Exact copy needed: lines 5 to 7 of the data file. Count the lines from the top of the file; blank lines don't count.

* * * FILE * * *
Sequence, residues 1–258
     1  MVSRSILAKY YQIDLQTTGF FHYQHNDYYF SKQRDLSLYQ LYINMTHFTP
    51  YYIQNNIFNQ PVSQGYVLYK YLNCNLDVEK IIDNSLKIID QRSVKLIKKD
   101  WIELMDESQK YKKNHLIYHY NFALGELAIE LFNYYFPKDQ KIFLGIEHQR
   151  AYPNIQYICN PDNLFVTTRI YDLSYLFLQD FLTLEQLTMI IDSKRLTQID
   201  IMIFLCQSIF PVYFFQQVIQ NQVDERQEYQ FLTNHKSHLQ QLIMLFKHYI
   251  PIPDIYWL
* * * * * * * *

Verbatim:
   151  AYPNIQYICN PDNLFVTTRI YDLSYLFLQD FLTLEQLTMI IDSKRLTQID
   201  IMIFLCQSIF PVYFFQQVIQ NQVDERQEYQ FLTNHKSHLQ QLIMLFKHYI
   251  PIPDIYWL